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North and South Korea agree to reopen industrial complex

August 14, 2013|By Jung-yoon Choi
  • North Korea's chief delegate Pak Chol-su, left, shakes hands with his South Korean counterpart Kim Ki-woong during talks at the Kaesong industrial complex. The two sides reached an agreement on reopening the industrial zone, which was shut down in April amid rising military tensions.
North Korea's chief delegate Pak Chol-su, left, shakes hands with… (Pool Photo / Agence France-Presse…)

SEOUL -- North and South Korea on Wednesday agreed to reopen the joint Kaesong industrial complex after a four-month shutdown, raising hopes of easing tensions on the peninsula.

On the eve of the anniversary of Korean independence from Japanese colonial rule nearly seven decades ago, delegates from the two sides meeting in Kaesong reached a five-point agreement to reopen the business zone in the North Korean town near the border.

They agreed that the complex was "not to be affected by inter-Korean situations under any circumstances" while they sought to make the business zone "into one with international competitiveness," promoting foreign investment.

No immediate date was set for reopening the complex. The two sides will set up a committee to implement the arrangements.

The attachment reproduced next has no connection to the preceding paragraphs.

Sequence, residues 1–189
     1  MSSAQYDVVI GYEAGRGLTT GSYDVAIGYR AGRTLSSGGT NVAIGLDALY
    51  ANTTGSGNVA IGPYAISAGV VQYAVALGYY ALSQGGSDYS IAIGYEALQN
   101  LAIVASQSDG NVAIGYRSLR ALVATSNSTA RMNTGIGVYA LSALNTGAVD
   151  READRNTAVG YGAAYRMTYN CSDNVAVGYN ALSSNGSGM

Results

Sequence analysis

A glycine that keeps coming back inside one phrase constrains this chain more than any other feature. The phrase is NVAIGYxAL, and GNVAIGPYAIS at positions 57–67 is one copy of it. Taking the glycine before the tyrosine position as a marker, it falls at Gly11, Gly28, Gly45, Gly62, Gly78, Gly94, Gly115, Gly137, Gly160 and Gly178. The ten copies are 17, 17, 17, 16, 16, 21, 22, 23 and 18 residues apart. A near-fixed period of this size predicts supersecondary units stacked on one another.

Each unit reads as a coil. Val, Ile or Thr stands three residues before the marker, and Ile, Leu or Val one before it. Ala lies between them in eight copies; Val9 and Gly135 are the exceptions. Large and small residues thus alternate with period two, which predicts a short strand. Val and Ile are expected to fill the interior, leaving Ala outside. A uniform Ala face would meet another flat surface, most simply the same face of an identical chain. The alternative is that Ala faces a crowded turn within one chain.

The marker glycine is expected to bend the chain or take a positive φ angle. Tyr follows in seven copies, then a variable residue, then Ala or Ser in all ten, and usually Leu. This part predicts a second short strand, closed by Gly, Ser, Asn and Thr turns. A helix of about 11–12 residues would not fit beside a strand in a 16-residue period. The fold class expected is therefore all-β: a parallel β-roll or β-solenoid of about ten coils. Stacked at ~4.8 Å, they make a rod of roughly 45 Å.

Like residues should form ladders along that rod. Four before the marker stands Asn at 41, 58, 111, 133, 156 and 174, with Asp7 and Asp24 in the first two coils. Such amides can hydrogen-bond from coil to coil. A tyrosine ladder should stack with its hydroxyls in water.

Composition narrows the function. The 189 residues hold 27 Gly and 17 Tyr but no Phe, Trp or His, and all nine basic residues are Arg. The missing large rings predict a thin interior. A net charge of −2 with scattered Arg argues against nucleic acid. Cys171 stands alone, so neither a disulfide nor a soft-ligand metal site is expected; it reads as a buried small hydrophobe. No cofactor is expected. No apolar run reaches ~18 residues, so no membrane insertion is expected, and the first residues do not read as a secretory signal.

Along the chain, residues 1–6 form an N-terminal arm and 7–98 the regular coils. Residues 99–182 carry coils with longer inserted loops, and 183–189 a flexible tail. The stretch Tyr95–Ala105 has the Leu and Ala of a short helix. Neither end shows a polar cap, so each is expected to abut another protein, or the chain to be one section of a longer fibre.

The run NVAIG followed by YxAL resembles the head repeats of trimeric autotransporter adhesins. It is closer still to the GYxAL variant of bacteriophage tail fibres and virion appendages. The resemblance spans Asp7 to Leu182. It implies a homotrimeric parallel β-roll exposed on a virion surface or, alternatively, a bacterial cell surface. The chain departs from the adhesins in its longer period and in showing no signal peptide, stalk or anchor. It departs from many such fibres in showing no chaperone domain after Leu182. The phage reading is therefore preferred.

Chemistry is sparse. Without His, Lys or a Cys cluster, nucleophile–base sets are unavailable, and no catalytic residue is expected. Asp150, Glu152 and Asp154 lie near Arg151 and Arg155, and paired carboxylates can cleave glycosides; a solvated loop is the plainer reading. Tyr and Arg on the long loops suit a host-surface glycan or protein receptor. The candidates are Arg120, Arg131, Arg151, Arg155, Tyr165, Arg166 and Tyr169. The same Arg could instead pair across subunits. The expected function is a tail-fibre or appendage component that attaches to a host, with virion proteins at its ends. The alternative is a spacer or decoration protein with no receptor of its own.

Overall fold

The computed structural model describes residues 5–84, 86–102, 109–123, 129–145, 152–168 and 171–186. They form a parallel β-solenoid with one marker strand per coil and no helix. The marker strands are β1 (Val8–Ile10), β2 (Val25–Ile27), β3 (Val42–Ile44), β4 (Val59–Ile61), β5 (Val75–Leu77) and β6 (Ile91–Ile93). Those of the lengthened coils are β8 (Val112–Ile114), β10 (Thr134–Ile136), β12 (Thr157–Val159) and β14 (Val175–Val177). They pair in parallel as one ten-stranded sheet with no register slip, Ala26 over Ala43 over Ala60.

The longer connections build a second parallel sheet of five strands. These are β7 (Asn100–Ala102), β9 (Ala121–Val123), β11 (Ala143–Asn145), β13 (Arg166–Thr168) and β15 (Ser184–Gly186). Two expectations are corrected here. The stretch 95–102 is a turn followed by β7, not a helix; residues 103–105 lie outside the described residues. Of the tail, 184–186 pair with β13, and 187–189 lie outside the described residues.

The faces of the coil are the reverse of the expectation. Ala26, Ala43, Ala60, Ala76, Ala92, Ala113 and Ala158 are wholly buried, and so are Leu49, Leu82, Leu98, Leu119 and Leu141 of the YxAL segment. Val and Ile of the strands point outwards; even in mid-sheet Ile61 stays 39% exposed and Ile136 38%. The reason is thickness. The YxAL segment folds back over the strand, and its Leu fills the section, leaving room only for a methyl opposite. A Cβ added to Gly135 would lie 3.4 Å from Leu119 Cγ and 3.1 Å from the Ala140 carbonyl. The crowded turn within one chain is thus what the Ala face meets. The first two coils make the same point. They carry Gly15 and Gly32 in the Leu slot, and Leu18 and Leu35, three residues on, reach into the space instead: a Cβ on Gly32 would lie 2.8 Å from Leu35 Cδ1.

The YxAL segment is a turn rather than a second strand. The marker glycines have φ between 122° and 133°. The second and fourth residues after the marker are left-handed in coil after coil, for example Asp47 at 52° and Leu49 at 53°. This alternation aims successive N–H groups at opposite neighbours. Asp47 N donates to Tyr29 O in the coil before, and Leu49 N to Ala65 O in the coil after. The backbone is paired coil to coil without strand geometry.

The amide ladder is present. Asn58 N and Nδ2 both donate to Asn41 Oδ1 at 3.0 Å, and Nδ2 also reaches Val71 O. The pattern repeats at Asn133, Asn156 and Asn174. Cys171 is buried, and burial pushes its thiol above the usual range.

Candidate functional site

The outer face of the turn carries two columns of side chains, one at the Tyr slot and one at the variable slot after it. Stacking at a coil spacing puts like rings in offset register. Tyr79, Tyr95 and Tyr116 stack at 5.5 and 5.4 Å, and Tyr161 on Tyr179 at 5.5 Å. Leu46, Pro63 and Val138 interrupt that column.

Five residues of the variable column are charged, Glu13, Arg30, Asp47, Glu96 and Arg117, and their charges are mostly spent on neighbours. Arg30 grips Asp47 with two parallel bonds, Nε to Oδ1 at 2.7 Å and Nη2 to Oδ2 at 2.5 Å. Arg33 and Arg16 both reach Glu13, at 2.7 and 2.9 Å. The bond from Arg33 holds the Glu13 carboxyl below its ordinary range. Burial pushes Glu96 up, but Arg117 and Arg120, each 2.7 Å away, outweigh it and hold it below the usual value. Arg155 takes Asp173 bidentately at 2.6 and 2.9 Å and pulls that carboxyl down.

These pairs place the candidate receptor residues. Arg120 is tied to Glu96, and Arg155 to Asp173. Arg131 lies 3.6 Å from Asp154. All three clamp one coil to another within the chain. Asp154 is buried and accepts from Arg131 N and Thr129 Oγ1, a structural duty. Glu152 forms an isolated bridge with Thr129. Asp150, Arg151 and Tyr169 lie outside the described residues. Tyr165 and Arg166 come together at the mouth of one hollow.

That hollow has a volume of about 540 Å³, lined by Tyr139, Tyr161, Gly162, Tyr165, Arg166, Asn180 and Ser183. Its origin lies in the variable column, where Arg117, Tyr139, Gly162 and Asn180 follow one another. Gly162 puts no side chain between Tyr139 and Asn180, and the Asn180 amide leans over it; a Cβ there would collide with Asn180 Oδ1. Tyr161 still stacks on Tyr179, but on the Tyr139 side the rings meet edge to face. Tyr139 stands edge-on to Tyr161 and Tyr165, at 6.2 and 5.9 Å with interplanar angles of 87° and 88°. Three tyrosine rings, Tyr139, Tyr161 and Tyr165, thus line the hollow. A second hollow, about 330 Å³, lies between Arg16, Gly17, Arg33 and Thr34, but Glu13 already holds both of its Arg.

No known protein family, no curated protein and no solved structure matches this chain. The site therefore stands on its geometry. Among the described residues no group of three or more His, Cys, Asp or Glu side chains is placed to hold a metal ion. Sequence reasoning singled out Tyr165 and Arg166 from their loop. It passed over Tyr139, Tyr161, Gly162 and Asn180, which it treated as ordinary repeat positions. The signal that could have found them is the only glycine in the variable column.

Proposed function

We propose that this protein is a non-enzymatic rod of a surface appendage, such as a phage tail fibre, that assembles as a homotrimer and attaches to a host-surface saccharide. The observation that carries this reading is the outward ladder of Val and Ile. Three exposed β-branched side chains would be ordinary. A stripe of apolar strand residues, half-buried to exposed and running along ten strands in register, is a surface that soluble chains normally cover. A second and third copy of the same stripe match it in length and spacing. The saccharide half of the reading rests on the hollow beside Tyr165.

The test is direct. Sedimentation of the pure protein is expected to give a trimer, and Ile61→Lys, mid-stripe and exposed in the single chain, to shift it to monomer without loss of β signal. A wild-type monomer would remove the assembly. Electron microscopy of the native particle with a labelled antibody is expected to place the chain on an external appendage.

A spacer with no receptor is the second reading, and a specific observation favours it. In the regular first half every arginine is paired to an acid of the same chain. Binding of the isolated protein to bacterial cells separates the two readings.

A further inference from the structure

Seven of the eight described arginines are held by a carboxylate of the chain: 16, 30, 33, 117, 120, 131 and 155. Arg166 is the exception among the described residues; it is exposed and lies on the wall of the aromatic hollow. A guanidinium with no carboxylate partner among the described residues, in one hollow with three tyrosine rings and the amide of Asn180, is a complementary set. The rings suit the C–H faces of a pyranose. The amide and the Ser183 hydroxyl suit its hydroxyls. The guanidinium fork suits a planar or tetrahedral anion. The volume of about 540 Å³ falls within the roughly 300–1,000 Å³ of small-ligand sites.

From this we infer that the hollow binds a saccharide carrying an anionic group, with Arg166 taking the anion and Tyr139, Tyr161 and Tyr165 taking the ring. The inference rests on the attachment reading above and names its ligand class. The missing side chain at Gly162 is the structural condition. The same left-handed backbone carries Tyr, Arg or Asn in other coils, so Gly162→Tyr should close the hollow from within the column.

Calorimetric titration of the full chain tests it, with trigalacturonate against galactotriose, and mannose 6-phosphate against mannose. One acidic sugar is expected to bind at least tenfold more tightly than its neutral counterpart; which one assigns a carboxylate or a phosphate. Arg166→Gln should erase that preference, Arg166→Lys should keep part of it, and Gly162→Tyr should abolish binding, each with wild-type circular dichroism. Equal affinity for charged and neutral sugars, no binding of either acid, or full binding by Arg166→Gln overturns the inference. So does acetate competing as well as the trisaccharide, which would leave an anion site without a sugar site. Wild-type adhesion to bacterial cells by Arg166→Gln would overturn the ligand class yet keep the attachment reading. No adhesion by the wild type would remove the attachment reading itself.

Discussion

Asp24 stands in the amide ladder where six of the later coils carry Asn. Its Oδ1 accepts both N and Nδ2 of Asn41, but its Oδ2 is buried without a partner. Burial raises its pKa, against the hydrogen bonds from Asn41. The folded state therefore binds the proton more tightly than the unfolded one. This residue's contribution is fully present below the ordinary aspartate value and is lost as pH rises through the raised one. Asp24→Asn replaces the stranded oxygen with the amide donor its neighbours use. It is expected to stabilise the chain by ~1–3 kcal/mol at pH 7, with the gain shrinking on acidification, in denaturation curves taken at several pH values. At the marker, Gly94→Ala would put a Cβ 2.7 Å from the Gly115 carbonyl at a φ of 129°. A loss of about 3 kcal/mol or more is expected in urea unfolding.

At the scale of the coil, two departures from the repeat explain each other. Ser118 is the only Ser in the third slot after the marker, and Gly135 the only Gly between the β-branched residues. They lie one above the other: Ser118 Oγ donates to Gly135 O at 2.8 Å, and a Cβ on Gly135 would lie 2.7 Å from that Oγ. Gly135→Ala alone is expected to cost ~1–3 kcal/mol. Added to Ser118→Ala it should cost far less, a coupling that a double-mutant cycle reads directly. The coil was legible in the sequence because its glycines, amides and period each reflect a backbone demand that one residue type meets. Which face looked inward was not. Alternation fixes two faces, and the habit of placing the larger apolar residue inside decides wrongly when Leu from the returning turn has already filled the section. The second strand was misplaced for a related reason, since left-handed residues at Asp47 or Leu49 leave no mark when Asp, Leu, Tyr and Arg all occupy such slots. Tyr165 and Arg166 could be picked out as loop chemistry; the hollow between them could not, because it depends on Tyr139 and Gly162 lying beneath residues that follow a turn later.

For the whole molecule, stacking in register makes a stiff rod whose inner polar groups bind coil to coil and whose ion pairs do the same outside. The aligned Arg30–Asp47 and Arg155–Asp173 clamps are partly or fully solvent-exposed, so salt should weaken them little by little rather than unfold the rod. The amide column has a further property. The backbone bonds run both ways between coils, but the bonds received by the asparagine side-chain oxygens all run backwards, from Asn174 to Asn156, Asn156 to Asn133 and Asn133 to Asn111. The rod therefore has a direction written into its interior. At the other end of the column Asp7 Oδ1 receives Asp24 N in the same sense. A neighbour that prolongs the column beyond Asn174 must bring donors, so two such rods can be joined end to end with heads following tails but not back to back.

Kaesong, which combines South Korean capital and technology with cheap labor from the North, stood as a symbol of peace efforts between the two countries. However, North Korea withdrew its workers in April during a sharp downturn in relations with the South and its allies that included a steady stream of war-like messages from Pyongyang.

South Korea has been seeking guarantees that the North would not unilaterally close the complex again. Six rounds of talks ended last month in failure and  tension. Pyongyang said it was willing to turn Kaesong into a military base.

The tide turned last week when North Korea lifted its ban on operations at the complex, responding to Seoul's call for the new round of talks. Pyongyang's decision gave hope to 123 South Korean companies that operate in the site, which employees 50,000 workers.

Pyongyang also sent a rare message to South Korea last week, saying that it was looking forward to a productive outcome from the talks.

South Korean President Park Geun-hye welcomed the results of Wednesday's talks.

"I wish the meeting will be a turning point for South and North Korean relations, marking a fresh start," a presidential spokesperson quoted Park as saying. "I anticipate that South and North Korea will make efforts together to globalize the Kaesong complex."

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